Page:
Like adults, most kids can get moody or angry at times. Although feelings such as these are normal and considered healthy emotions, many children can find it difficult to understand the difference between angry feelings and aggressive behavior. Helping your child learn healthy ways to deal with anger can make a big difference to their behavior and their ability to manage feelings appropriately.
Understanding Children’s Feelings
Although moodiness, anger, and frustration are normal healthy emotions, they can quickly turn into defiance, aggression, disrespect, and emotional outbursts when a child doesn’t know how to deal with their emotions effectively. If left unaddressed, this can lead to potentially bigger problems later on, such as problems at school, difficulty forging relationships with friends and peers, and poor mental health.
Moodiness in children can be caused by many different factors. In young children, it can stem from being unable to communicate or express themselves properly, leading to frustration and temper tantrums. During adolescence, factors such as hormones, academic, and peer pressure, and working out where they fit in society can lead to a rollercoaster of emotions and episodes of moodiness.
Dealing with a moody child or one who demonstrates difficult or aggressive behavior can be challenging for parents. Fortunately, there are a number of methods to help your child learn healthy ways of dealing with anger.
Learning To Manage Anger
As children mature, they develop the necessary coping strategies and communication skills to express themselves better, but this can take time and is a learned skill. Allowing kids to differentiate between feelings and behavior is key to helping them see that they are in control of their actions when they feel frustrated or angry. Children need to understand and learn that it is normal to feel angry at times, but that it’s not okay to use aggressive behavior, such as hitting or punching. Regularly talking about feelings will help your child recognize and understand them better, enabling them to communicate and express their feelings in a more constructive manner.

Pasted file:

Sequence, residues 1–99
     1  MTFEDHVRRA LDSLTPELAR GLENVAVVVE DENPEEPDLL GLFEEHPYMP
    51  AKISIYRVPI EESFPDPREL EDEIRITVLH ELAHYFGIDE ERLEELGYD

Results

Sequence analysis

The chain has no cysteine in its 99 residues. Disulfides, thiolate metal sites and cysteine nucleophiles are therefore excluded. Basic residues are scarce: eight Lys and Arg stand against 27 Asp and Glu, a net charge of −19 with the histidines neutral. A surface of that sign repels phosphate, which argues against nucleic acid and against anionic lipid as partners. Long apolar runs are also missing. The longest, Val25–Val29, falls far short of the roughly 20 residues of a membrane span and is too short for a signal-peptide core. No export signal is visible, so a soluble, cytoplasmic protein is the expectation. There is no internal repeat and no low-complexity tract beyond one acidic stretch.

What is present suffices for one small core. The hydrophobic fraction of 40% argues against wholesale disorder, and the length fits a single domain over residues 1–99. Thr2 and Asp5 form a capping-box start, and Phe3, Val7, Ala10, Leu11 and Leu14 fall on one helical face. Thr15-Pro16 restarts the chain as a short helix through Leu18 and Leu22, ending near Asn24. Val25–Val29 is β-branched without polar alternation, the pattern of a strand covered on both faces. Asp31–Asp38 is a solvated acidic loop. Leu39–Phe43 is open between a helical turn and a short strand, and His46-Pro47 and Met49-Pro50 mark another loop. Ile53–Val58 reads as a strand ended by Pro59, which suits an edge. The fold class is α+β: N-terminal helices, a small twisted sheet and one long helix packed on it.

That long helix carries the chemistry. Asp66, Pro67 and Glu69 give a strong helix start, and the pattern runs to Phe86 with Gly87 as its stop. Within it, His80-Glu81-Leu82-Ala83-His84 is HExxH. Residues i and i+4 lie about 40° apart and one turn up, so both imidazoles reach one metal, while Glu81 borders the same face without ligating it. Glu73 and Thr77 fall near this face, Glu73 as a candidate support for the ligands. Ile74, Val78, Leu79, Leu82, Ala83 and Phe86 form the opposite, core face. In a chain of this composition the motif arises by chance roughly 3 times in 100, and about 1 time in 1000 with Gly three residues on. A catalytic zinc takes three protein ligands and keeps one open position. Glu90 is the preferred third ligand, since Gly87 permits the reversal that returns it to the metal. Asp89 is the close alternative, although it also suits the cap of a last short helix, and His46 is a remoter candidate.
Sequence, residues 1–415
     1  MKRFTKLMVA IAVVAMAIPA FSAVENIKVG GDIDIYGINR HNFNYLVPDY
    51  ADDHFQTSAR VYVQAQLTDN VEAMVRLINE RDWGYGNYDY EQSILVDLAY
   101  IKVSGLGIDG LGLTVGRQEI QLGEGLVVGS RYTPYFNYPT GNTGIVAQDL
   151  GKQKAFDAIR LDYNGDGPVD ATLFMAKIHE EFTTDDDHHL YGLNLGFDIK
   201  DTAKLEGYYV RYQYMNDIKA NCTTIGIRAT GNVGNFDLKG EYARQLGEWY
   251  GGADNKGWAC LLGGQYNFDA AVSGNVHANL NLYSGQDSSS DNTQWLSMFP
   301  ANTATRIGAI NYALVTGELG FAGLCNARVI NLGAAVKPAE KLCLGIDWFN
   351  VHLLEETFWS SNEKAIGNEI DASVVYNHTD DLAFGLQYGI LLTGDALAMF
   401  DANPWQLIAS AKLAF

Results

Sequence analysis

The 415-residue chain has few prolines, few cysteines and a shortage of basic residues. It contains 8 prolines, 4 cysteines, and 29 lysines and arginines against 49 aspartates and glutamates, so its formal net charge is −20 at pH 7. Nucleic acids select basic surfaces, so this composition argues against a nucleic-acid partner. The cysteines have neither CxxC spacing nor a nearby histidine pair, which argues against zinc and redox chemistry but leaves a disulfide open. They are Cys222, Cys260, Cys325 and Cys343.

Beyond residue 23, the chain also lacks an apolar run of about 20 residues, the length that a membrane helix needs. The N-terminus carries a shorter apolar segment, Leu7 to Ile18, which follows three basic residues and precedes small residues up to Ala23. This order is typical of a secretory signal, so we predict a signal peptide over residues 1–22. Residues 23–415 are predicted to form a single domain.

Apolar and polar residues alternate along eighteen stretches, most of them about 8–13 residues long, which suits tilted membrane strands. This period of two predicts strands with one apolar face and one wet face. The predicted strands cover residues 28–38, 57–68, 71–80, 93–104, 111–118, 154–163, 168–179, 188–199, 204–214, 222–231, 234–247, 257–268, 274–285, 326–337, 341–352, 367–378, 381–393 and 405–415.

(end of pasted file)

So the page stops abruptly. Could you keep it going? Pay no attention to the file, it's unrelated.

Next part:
Modeling appropriate anger management skills and helping your child identify strategies to cope with anger can help them learn to deal with their feelings more effectively. If a child sees you lose your temper, they will likely do the same when they feel angry or upset. The way you respond to your child’s behavior can make a big difference. Arguing back or shouting at them sends your child mixed messages about dealing with their feelings appropriately. Acknowledging that your child is upset and explaining that there are more appropriate ways to deal with their feelings reinforces that you care and understand, and it helps them learn to express themselves in constructive ways.
Coping strategies can vary depending on the situation and what works for your child. This may include, walking away to cool off, using words instead of aggression to explain why they are upset, listening to soothing music, or carrying out a different activity until they calm down.
When To Seek Help
Even the most attentive, patient, and practiced parents can find difficult behavior hard to manage at times. If you are concerned or find it difficult to deal with your child’s behavior, you should speak to your child’s pediatrician or doctor. If your child is exhibiting signs of prolonged moodiness or sadness and has lost interest in activities they previously enjoyed, it could indicate a more serious matter, such as depression, which will require special medical care.
Developmental pediatricians are highly experienced physicians who have the necessary skills and experience to provide the medical and psychological support families need to tackle behavioral and mental health issues. They provide a variety of services to help children and families, including:
- Helping you recognize the cause of your child’s behavior in order to formulate relevant discipline strategies and interventions.
- Helping children learn healthy social skills and how to cope with problems, allowing them to function well at home, school, and in the community.
- Prescribing and monitoring medication if your child has an issue such as ADHD, depression, or anxiety.
- Recommending specialist services and therapies to help your child in and out of school.
Developmental Pediatric Care in St. Petersburg, Tampa, Florida
If you have concerns about your child’s mood or behavior, contact the Children’s Medical Center for caring and compassionate pediatric care. Our experienced developmental pediatricians provide psychological and medical support for children with developmental, learning, and behavioral problems and their families.
At the Children’s Medical Center, we provide comprehensive pediatric healthcare for patients from birth to 18 years of age and are dedicated to providing the highest quality care. To find out more about the services we offer, contact us at one of our four convenient office locations in Palm Harbor, Trinity, Westchase, and Lutz. Alternatively, you can schedule a consultation with one of our developmental pediatricians using our convenient online request form.